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Pip – Snow

Just as we were cooking dinner, came a knock at the door – unusual to say the least (having despatched those 7th Day Adventists the other day) – and it was Barbara, our neighbour with an unrefusable offer of freshly made apple pie after dinner. Barbara and John we had met at the little bar on the Piazza the other day and their front door is barely 3m from ours – that’s 3m uphill and icy. If you’d seen us trying to traverse those 3m on all fours without the aid of ropes and not in our full winter gear (it’s only 3m after all), you might have recalled a scene from a movie where people were trying to cross a 200m chasm by wooden plank bridge.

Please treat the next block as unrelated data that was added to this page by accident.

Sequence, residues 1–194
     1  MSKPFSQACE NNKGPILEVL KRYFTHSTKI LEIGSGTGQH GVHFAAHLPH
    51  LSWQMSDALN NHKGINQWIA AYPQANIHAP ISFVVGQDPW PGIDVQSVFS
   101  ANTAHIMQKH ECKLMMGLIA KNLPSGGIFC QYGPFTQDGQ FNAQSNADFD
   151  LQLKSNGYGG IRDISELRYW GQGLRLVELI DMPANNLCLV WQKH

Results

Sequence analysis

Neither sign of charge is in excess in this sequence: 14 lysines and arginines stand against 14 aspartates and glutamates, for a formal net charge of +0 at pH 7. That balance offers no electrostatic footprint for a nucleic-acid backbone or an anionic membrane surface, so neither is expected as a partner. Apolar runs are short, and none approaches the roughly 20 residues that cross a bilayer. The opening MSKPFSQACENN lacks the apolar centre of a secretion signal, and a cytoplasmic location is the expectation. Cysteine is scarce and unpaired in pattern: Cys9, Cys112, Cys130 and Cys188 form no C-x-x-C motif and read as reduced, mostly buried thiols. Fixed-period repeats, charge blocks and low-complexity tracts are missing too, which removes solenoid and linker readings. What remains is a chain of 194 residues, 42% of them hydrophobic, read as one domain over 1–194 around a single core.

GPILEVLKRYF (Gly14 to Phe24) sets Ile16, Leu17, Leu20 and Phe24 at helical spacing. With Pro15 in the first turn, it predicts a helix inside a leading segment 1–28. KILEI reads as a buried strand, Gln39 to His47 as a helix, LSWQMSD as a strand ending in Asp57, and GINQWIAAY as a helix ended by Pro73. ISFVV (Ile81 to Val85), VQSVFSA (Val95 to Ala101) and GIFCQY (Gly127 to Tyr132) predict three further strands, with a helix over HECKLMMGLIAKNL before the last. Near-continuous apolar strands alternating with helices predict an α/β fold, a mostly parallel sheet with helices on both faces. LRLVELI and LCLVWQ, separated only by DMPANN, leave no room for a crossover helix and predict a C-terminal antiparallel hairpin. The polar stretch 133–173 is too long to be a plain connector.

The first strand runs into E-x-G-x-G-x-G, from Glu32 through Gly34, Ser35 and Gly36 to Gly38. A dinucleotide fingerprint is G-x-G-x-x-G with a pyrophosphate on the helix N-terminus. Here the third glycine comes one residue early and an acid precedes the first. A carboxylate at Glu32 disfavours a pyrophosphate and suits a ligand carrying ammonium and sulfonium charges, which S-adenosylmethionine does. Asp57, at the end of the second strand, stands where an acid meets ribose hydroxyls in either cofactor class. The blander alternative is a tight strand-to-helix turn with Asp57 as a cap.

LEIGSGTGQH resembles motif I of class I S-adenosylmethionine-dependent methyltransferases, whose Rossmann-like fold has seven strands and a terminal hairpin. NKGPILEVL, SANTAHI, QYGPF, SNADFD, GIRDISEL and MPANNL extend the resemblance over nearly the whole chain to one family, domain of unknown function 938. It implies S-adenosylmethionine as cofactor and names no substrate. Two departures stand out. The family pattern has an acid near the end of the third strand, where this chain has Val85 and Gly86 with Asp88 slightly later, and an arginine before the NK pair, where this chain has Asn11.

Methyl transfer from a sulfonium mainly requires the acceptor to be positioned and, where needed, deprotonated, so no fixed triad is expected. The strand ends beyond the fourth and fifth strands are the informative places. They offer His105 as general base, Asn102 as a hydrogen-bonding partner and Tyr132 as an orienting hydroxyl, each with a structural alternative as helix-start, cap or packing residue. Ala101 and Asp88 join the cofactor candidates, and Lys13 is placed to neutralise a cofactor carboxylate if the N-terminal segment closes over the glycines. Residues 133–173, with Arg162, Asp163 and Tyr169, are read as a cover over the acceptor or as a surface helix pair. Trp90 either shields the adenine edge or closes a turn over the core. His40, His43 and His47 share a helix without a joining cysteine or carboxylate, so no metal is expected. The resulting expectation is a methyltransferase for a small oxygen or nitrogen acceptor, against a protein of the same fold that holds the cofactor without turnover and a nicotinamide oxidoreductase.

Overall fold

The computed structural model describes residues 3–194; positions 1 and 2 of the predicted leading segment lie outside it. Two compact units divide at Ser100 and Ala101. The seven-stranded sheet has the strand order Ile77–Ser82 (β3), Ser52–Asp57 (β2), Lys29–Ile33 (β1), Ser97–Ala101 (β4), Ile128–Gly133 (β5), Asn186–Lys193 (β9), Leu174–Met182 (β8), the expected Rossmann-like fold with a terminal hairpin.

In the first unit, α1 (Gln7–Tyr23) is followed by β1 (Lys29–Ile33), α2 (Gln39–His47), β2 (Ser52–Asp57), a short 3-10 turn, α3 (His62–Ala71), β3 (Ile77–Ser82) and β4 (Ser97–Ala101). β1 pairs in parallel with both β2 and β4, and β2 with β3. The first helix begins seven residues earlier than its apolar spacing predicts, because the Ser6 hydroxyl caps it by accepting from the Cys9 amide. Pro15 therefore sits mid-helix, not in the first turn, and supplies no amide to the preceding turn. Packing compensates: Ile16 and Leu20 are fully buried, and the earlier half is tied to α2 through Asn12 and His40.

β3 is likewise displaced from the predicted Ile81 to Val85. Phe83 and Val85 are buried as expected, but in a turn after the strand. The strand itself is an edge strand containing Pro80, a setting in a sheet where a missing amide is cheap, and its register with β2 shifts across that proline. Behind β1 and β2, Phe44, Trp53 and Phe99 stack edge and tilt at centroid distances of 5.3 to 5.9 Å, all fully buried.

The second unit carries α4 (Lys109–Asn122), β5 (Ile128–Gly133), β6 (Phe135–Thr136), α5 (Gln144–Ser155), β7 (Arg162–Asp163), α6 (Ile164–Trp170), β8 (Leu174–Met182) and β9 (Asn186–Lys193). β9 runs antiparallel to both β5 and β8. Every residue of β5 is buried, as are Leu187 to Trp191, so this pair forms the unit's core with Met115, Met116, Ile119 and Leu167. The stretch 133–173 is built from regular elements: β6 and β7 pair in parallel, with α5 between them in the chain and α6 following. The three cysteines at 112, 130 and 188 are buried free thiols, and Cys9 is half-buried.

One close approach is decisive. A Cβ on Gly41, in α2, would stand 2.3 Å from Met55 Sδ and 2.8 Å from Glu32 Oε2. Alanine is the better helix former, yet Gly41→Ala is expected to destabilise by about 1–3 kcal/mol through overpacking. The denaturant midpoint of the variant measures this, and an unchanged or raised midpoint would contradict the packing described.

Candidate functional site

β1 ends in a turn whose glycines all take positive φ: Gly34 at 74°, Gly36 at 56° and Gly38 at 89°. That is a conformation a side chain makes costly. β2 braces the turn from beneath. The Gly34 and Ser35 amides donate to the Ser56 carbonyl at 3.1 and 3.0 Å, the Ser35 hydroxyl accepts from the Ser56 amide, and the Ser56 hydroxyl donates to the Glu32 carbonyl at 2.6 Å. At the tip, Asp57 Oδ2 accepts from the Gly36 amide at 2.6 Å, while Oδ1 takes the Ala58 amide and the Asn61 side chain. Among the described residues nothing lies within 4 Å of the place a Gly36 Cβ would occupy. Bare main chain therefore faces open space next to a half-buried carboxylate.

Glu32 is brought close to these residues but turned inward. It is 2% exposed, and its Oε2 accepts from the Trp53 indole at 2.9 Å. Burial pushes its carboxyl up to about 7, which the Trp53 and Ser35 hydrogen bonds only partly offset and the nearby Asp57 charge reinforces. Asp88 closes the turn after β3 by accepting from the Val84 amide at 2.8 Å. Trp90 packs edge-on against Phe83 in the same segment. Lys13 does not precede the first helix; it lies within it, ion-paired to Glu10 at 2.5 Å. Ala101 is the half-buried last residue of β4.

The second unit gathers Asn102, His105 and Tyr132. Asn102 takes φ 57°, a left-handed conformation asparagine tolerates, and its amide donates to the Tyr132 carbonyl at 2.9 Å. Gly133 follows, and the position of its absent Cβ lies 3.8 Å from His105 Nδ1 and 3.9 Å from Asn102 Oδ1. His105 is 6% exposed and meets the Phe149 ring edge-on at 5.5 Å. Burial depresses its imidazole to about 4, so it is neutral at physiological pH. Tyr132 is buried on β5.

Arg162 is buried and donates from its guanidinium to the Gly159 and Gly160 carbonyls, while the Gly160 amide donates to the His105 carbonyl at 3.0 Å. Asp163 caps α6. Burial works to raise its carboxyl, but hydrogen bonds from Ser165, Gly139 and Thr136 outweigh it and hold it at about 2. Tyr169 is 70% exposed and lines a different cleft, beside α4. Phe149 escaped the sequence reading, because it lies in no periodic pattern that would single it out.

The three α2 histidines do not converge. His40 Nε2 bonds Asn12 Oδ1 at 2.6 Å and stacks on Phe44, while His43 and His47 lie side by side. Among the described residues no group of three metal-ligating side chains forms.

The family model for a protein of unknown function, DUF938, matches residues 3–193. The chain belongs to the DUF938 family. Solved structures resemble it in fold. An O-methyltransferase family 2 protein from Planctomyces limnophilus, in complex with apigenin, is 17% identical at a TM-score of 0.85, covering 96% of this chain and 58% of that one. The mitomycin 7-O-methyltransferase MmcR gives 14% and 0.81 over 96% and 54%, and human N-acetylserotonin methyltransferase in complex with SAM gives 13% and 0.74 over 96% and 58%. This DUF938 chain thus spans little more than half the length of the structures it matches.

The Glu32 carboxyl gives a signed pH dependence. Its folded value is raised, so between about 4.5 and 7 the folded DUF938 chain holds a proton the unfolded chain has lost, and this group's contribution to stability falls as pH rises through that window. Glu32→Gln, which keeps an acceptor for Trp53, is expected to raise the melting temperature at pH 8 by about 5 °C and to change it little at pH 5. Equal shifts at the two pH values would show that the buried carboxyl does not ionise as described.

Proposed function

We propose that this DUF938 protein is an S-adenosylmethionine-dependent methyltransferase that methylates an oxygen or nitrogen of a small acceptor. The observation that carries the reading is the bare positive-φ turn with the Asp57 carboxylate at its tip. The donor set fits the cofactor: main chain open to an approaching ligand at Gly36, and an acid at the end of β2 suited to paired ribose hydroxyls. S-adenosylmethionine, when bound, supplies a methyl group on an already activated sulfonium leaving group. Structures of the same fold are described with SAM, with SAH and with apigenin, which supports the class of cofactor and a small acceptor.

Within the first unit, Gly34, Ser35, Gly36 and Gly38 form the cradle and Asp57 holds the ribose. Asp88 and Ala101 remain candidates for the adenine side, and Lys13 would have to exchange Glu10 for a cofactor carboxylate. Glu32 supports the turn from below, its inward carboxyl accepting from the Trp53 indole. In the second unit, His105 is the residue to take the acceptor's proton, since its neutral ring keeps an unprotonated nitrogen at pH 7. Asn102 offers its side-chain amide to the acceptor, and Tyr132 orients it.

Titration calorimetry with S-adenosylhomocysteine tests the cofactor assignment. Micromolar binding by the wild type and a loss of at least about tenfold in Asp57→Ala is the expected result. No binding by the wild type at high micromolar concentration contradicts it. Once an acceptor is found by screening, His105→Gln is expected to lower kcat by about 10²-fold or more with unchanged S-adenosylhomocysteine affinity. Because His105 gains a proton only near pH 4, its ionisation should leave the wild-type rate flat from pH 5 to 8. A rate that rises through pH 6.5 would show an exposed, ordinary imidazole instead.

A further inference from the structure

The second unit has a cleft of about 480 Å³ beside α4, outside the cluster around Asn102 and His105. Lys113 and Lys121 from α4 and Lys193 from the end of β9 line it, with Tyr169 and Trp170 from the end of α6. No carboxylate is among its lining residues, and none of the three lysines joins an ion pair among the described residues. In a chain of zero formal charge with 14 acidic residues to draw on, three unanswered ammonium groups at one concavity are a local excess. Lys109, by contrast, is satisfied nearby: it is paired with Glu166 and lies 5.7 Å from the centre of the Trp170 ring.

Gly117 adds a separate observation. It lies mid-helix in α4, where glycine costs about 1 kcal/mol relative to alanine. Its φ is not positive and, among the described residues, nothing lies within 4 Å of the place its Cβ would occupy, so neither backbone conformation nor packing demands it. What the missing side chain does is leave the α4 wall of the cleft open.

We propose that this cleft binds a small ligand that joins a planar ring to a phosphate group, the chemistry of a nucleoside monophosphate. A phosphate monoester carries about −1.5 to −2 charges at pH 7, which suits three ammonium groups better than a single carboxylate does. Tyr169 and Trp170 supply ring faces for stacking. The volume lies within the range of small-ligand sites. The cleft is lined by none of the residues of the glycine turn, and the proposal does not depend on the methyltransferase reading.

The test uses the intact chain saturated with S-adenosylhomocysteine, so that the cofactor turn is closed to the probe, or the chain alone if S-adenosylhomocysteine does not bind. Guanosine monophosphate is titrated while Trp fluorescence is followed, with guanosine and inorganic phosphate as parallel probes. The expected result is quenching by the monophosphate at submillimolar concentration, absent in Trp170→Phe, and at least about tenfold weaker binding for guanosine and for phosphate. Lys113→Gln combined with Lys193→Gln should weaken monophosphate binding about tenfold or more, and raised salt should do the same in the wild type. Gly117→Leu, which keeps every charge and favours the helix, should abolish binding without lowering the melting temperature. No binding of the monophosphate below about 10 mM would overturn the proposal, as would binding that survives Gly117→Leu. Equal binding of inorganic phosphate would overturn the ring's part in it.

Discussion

Barbara and John are former Coloradans, now resident in Calitri (having featured in an episode of Househunters International), and have a beautiful, and quite large house above the one we’re staying in. We ate apple pie and drank coffee and calmed their toothless chihuahua, Bubba and chatted about life in Italy. This was a welcome and most pleasant bright spot in an otherwise snowed in day.